College slashes tuition 43% and blasts 'sticker price' model

College is worth it, but benefits some more
College is worth it, but benefits some more

This is something you don't hear everyday: A college is cutting its tuition by 43%.

Starting next year, the tuition at Rosemont College, a small liberal arts school outside Philadelphia, will be slashed to $18,500. This year's tuition is $31,520.

At a time when most colleges continue to jack up tuition, Rosemont is bucking the trend.

College president Sharon Hirsh says Rosemont's current "sticker price" is inflated, like it is at almost every other college. Because of scholarships and grants, a vast majority of students pay less than the school's listed tuition.

"The current college financing model is broken," said Hirsh. "A lot of families are completely confused by this whole arrangement. For that reason they think that the actual sticker price is the price that they'd have to pay," she said.

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Students don't usually find out how much they'll receive in grants or scholarships until late in the game -- sometimes weeks before they must decide where to enroll.

The new tuition at Rosemont will apply to everyone. Current students received letters on Wednesday detailing how the reduction will affect their out of pocket costs.

Rosemont is also reducing the cost of room and board by 14%. Overall, the cost of attendance will go down to $30,000 next year.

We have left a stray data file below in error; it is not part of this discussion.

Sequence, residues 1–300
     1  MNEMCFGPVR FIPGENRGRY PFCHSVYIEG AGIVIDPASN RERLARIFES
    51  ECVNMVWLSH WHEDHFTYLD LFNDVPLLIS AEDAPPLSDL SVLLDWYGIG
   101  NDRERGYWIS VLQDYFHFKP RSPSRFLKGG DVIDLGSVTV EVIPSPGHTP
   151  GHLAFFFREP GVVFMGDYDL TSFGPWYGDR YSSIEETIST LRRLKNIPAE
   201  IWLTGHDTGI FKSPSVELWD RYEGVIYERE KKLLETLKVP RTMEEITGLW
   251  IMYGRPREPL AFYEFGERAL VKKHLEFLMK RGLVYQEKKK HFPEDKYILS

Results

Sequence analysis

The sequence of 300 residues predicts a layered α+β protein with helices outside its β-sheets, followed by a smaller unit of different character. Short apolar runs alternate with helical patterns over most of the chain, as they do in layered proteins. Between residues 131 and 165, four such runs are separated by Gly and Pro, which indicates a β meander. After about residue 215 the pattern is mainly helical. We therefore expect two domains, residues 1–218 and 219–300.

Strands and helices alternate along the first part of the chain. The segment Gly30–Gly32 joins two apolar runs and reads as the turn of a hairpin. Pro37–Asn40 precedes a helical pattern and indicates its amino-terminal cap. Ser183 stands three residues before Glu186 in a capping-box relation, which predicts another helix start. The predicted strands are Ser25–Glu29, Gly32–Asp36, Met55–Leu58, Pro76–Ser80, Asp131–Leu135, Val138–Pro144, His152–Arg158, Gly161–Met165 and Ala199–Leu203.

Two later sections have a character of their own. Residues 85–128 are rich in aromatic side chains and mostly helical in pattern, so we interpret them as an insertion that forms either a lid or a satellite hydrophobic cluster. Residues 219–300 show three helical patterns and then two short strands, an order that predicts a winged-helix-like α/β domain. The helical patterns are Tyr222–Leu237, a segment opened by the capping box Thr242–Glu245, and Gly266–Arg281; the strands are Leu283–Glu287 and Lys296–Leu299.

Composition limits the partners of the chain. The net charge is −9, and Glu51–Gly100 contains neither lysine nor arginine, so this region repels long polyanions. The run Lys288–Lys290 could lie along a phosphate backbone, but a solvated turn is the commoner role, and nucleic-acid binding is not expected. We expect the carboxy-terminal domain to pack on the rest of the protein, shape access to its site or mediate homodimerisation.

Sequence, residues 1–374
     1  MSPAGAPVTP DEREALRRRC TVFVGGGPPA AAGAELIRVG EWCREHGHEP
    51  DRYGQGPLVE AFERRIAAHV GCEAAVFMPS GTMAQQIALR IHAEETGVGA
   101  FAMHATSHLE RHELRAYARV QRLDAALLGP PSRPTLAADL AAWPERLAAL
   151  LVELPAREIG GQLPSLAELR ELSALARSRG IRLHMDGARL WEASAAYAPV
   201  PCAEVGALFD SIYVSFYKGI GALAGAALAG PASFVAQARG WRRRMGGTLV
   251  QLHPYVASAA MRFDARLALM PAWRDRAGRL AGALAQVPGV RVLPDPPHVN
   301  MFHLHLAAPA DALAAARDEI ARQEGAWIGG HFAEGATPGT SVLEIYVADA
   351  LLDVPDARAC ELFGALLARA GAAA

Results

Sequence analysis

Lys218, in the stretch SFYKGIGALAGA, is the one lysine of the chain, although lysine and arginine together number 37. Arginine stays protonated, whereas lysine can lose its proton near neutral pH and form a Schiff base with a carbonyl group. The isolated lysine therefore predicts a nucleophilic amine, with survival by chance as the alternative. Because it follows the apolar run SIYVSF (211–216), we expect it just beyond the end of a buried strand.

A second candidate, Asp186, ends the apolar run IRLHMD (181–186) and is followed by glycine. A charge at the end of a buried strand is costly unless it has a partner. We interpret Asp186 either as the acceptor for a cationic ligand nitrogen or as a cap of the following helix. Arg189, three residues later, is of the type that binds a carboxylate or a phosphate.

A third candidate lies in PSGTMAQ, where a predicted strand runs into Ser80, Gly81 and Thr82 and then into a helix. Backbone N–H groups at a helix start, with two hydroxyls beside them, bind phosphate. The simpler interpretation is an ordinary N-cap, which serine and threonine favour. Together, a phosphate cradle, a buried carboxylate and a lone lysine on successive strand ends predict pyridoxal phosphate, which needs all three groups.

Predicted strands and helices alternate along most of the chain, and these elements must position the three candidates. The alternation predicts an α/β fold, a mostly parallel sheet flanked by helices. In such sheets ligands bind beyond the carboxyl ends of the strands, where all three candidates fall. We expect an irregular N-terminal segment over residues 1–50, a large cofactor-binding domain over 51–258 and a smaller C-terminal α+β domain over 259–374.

Currently, Rosemont students who receive some aid actually pay an average of $22,571 a year, according to a new tool released by the White House last week called the College Scorecard.

Rosemont isn't doing away with scholarships and grants, though. Students who qualify will still receive aid, but awards will be based on the new, lower tuition price.

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The motivation behind the announcement is not to increase enrollment, Hirsh said. The college isn't in financial trouble and has a $17 million endowment.

She hopes the new base tuition will attract potential students who may have overlooked the college because they thought it was too expensive.

Rosemont has about 1,100 students, about half of whom are undergraduates. Once a women-only college, it became co-ed in 2009. It also began offering some online graduate degrees at that time.

In the past three years, more than a dozen colleges have made similar cuts. Utica College, a small private school in New York, announced earlier this week that it is reducing tuition by 42%, to just below $20,000.

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